Songwriter Roger Street Friedman has lived a familiar story we hear often and know all too well, the one where a musician veers off to the uncharted road to follow his passion, leaving his family and life behind. Music is a calling for many and it often uproots people from their daily lives. It becomes an excessive balancing act. Friedman shares how he copes with this predicament and manages to keep it all together on the road in his newest song “Carry Me.”
“I wrote the majority of ‘Carry Me’ when I was down in Nashville after a day of co-writing sessions,” Friedman told American Songwriter. “I was in an empty, rented house in East Nashville and feeling lonely and far away from my wife and kids up North. The song is about how this is who I am. I’m a writer and a singer and a performer and this is what I’m called to do, but coming back to it later in life, I have a family and a wife and responsibilities, so it’s a balancing act. I’m leaving home to tour, leaving home to write. And while trying to balance that with staying connected to the home-front is tricky, that connection is always in my heart, no matter what.”
“Carry Me” is one of twelve tracks from Friedman’s upcoming record Rise, expected in April. The single has its roots in folk-country with classic banjo, fiddle, and twangy electric guitar, but also dishes up elegant vocal harmonies sewn into the chorus, emphasizing the song’s versatility. The poise of the arrangements and perfected production is enough to attract even the most unresolved listeners. Friedman’s lyrics: ‘A man just can’t change his stripes. I will ride the road for the rest of my life. The road will lead where the road will lead, I will carry you with me, will you carry me with you,’ depicts the narrative and his internal struggle as a character in it, while sharing a vulnerability in songwriting, a facet of himself he unveils throughout the record.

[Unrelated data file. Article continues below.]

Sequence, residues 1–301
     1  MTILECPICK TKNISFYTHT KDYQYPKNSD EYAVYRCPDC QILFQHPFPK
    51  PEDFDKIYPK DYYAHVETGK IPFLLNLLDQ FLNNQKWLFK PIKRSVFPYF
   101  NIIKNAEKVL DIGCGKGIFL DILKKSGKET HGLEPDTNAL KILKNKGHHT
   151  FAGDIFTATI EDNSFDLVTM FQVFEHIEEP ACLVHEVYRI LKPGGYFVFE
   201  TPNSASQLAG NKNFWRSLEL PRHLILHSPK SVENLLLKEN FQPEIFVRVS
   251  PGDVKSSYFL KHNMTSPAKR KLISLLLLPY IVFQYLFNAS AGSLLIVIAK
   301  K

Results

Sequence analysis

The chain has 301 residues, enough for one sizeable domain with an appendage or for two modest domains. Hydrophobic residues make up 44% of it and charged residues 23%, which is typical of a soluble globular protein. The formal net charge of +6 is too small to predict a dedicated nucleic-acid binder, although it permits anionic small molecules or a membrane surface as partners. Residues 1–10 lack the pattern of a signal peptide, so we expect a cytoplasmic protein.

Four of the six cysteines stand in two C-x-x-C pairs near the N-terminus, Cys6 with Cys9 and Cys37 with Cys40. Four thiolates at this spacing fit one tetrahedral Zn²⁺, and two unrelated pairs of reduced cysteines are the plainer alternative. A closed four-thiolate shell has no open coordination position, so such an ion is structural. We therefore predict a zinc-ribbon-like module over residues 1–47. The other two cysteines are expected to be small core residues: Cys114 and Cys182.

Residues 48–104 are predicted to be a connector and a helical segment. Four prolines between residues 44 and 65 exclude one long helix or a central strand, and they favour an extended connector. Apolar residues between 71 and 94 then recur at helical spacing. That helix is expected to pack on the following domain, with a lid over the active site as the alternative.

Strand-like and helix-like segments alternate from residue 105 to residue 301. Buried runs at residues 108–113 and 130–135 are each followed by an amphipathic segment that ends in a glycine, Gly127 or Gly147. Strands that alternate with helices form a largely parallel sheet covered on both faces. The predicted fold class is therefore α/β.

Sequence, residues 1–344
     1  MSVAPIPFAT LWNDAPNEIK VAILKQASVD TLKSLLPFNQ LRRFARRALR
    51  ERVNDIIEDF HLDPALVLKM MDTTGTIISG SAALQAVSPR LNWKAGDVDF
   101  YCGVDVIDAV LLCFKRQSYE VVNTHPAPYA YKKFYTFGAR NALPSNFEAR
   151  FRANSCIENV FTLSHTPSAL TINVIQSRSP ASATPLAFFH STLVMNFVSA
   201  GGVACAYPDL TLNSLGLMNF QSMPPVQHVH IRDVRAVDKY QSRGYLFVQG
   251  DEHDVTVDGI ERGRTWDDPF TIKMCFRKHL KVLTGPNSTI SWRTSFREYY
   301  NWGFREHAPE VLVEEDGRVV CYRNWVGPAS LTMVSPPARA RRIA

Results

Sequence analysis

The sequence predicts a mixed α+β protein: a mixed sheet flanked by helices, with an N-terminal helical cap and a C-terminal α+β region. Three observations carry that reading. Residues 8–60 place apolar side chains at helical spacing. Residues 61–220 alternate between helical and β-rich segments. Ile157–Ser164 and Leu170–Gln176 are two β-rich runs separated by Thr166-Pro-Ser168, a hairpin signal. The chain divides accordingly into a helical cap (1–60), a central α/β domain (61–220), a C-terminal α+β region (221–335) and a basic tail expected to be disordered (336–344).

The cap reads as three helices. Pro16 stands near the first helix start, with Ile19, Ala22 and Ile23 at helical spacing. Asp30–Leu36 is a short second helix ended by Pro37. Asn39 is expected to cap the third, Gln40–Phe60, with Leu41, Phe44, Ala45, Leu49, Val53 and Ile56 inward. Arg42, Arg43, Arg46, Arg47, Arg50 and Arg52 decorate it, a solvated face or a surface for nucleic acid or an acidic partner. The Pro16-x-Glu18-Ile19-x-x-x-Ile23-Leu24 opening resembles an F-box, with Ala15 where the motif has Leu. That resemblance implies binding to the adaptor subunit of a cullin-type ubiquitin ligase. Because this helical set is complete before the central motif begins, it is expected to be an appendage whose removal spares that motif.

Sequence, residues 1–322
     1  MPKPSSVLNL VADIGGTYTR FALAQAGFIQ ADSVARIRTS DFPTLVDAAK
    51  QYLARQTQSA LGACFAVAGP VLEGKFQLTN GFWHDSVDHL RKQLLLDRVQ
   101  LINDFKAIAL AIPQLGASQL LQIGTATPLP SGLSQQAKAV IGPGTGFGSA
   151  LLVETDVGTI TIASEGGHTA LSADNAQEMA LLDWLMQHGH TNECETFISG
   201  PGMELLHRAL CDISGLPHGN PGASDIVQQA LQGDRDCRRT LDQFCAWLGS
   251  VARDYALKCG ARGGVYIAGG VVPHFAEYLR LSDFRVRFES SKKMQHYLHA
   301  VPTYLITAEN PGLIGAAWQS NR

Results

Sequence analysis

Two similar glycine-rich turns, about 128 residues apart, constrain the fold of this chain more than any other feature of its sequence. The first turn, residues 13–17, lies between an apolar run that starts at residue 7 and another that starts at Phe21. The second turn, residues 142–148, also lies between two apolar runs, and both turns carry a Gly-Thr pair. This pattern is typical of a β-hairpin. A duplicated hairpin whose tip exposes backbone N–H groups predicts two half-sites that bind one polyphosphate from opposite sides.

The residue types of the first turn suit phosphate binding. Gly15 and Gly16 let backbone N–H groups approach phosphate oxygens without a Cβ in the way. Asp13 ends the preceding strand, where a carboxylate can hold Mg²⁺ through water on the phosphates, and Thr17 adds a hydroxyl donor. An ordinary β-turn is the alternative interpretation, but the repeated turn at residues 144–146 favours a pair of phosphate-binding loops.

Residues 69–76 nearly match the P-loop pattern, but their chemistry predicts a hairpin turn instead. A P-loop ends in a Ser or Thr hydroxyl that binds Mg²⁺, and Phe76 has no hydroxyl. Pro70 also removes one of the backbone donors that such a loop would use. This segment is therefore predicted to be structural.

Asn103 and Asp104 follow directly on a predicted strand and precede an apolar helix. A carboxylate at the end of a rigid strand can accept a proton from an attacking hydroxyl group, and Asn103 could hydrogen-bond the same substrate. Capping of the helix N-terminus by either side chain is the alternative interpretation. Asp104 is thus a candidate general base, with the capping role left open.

“This album to me represents an evolution of my writing in that it is deeply personal and honest, while being reflective of the messy realities of life,” said Friedman. “Whether it’s a song about relationships or the state of the world, it’s all messy and not buttoned up. Even the love songs show both the trials and the triumphs like ‘Carry Me’, while songs like ‘Last Train to Babylon’, ‘The War Is Already Over’ and ‘Rise’, embody the zeitgeist of current events in that whether things will get better or worse is an open question. I think for me there’s a rawness and an honesty in the writing and a discomfort that, to me means I struck a nerve.”
Just like the plot in “Carry Me” Friedman will continue to follow his dreams on tour, beginning March 5 at City Winery in Nashville, the first of over a dozen shows across the country.